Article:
Mudželiti veliki bb
In essence, what can be seen clearly about Sarajevo is that this is a city that connects East and West – not only as different halves of the world, but also culturally – with the East considered Ottoman and Islamic and the West seen as Austro-Hungarian and Christian.
Their most obvious encounters are visible when one looks them straight “in the face” in the city’s architecture.
The location of the marker, “Sarajevo – Meeting-place of Cultures”, is unique in that it is right where these two cultural influences clearly meet and it seems to be the very spot in town where, with one step, you can cross from one culture to another.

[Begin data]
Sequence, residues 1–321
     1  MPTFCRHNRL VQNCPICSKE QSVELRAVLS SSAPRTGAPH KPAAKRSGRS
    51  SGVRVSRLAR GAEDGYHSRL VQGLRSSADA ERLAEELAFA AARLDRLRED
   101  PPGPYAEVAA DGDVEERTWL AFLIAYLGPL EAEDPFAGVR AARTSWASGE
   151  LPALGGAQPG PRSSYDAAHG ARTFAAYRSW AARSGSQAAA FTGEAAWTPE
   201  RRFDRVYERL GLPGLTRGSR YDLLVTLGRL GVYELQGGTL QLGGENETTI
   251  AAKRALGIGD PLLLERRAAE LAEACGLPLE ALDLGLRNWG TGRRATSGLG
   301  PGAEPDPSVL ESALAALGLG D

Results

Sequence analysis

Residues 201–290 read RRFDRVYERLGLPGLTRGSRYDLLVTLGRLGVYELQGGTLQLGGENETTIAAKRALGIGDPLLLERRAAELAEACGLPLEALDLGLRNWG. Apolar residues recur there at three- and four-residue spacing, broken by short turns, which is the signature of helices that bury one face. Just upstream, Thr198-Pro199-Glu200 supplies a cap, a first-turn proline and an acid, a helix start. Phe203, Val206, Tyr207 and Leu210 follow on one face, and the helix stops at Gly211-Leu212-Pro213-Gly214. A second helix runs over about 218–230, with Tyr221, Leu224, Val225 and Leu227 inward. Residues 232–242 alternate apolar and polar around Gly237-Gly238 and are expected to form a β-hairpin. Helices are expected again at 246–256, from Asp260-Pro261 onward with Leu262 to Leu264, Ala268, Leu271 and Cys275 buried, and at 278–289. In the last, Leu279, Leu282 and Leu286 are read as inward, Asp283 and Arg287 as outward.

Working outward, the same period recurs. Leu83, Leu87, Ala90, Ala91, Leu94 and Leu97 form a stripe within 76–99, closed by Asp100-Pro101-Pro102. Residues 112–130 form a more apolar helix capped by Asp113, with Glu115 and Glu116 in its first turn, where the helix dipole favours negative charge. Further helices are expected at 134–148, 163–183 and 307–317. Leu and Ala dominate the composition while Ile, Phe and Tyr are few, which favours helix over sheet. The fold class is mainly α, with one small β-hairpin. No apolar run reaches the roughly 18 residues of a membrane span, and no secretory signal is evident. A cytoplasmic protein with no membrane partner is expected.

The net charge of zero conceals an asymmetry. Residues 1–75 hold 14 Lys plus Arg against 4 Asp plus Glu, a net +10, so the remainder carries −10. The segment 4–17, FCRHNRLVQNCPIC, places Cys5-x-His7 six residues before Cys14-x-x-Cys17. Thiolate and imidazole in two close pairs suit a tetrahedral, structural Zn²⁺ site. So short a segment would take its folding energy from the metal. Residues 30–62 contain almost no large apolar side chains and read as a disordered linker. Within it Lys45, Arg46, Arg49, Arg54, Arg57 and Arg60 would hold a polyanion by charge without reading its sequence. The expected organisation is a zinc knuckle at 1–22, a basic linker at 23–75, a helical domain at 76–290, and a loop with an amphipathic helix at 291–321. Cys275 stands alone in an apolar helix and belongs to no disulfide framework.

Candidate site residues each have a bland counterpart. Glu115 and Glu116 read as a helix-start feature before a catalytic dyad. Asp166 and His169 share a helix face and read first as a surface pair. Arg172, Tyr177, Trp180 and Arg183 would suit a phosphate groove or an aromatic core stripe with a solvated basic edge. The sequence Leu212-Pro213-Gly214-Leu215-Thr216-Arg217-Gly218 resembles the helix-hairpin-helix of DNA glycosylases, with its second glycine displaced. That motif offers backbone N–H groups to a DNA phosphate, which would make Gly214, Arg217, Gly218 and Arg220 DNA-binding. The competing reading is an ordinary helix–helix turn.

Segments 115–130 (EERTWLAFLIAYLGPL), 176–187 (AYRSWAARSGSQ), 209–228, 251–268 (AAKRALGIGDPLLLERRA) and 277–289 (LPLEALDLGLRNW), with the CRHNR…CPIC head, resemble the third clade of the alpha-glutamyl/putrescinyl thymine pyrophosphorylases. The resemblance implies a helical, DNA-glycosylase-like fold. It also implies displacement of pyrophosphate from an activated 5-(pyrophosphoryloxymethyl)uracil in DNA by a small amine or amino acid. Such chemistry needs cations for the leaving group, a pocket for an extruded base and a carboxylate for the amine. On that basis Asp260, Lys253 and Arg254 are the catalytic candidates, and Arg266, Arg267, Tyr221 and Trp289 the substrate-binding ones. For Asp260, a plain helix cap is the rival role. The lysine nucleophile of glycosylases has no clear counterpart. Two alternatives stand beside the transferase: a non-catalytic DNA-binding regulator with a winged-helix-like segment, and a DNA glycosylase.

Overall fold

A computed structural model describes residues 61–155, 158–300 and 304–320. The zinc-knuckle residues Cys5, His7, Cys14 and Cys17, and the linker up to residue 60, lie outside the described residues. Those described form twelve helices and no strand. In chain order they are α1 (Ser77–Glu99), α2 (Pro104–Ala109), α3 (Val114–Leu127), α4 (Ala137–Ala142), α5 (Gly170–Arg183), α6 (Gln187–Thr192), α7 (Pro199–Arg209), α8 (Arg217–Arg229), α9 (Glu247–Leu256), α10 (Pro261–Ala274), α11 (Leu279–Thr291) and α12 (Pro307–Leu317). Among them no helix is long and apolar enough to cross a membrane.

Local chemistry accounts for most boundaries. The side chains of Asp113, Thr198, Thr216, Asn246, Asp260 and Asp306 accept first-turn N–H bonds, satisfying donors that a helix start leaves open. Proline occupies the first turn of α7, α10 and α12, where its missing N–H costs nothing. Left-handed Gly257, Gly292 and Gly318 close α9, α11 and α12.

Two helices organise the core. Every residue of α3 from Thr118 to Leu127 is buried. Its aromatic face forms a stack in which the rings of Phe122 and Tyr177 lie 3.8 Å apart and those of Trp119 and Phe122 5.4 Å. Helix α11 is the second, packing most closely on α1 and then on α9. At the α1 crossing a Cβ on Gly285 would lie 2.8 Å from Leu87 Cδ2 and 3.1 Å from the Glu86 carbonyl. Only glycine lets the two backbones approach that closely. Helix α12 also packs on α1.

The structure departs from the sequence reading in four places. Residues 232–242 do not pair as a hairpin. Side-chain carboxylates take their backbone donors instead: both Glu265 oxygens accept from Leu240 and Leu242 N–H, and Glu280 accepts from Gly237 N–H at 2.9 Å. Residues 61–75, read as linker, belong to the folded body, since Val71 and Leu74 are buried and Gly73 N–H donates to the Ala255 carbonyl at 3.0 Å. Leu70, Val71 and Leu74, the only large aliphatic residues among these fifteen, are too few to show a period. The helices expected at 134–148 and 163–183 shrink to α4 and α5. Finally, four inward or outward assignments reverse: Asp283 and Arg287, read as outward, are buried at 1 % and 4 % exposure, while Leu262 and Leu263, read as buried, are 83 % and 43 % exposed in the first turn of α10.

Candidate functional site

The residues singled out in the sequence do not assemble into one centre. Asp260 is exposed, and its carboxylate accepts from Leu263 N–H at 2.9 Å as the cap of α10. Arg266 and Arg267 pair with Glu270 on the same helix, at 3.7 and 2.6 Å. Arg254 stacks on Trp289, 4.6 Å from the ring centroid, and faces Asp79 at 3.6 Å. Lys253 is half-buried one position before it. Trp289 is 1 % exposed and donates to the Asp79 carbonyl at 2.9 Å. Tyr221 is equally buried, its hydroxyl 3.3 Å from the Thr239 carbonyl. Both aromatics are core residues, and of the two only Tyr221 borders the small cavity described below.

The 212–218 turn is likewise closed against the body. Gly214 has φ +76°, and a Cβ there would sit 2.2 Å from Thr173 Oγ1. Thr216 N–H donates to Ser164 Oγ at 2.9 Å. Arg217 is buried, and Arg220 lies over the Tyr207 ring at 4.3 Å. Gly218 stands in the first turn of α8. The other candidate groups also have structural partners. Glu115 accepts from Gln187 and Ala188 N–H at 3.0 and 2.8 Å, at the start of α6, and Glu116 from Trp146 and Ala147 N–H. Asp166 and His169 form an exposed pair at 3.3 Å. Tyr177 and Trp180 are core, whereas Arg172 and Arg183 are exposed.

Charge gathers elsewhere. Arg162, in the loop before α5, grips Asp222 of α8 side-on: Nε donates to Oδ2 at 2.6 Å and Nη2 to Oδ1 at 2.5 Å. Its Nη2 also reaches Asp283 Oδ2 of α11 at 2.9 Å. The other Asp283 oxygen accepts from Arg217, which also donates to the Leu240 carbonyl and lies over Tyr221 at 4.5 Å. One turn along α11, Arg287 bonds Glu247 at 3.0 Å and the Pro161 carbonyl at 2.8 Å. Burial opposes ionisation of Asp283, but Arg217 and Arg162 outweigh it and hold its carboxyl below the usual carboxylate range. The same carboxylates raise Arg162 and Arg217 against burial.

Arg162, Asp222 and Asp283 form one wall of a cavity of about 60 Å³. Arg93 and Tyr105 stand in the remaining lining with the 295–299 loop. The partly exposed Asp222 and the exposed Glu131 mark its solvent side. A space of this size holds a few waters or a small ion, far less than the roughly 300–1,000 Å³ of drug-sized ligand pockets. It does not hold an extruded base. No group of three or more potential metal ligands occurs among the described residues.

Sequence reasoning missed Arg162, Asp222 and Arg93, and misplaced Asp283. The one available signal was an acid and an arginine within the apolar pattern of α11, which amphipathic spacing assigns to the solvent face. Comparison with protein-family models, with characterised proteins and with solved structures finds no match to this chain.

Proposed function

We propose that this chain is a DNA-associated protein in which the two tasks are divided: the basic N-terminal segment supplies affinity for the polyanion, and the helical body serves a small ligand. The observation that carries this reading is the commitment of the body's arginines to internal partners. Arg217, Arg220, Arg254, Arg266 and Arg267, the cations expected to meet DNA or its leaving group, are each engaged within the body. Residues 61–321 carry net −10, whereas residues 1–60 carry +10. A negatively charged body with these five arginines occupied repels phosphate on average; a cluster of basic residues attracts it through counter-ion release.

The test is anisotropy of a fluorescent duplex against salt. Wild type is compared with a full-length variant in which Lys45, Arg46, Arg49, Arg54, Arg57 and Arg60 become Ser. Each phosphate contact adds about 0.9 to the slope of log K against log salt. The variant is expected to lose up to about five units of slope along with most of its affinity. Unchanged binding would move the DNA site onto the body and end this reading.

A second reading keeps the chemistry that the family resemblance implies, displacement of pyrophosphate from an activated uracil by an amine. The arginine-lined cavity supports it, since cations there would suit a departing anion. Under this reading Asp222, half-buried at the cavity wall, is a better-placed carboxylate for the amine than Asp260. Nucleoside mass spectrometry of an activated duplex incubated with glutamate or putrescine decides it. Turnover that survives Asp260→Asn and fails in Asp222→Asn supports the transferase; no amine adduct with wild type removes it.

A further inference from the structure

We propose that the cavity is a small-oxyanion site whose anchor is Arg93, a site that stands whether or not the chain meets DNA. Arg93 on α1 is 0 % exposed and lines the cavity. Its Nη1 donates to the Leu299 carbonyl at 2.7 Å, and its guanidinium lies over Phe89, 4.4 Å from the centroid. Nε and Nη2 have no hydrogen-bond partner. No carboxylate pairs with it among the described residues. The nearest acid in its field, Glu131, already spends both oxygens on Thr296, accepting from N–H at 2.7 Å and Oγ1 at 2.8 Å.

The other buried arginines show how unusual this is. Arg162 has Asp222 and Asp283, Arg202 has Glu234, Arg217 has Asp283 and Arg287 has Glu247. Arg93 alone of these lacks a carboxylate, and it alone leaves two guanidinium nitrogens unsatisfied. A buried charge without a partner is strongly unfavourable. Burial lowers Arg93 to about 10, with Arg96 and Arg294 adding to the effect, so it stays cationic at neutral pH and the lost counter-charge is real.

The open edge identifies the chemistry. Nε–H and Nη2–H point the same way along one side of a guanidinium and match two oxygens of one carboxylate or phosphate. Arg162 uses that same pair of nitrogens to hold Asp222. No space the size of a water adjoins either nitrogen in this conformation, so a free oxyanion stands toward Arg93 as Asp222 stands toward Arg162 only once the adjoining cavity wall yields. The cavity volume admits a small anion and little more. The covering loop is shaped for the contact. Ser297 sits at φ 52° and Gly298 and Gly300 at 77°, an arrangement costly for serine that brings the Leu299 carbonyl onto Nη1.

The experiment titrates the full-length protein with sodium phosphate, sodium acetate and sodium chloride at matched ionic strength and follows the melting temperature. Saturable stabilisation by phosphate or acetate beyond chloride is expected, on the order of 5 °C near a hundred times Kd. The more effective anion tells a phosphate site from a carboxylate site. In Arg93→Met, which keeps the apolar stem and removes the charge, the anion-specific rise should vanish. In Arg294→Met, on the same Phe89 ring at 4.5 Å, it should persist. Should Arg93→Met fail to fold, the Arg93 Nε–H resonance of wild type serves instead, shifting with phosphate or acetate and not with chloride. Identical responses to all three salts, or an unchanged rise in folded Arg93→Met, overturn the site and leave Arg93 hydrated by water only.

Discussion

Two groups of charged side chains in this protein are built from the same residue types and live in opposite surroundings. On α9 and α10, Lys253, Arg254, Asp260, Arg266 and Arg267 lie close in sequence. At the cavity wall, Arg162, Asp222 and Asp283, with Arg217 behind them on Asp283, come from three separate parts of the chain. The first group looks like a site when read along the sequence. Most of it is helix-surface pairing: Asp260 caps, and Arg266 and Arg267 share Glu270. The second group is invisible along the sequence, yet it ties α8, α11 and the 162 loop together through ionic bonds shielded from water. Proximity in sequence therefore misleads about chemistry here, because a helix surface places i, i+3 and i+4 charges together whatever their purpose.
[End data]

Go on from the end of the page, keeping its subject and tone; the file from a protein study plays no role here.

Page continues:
As you stand on this spot, on your “eastern” side you have Gazi Husrev Bey’s Bezistan, Slatko Ćoše (Sweet Corner), Sarači Street… and, actually, this is where Baščaršija starts, with its Eastern look, aromas and so on.
If you turn toward the other side, toward “the west”, you’ll be met by Ferhadija St., which is lined on both sides by the many structures that were built in a more Western style, during the time of Austro-Hungarian rule.